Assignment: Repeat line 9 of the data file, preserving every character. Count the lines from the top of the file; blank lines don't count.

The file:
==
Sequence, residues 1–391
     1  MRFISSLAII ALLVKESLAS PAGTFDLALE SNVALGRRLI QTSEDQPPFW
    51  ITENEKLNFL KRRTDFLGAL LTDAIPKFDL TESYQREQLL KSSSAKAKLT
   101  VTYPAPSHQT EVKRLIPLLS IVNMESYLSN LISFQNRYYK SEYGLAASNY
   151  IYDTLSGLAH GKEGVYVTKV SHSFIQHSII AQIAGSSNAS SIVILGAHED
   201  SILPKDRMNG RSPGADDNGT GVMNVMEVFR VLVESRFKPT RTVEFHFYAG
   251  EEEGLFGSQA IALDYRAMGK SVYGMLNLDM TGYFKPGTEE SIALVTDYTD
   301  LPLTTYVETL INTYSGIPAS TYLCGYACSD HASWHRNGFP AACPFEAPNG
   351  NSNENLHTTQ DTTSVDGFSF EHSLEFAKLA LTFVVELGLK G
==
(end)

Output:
   351  NSNENLHTTQ DTTSVDGFSF EHSLEFAKLA LTFVVELGLK G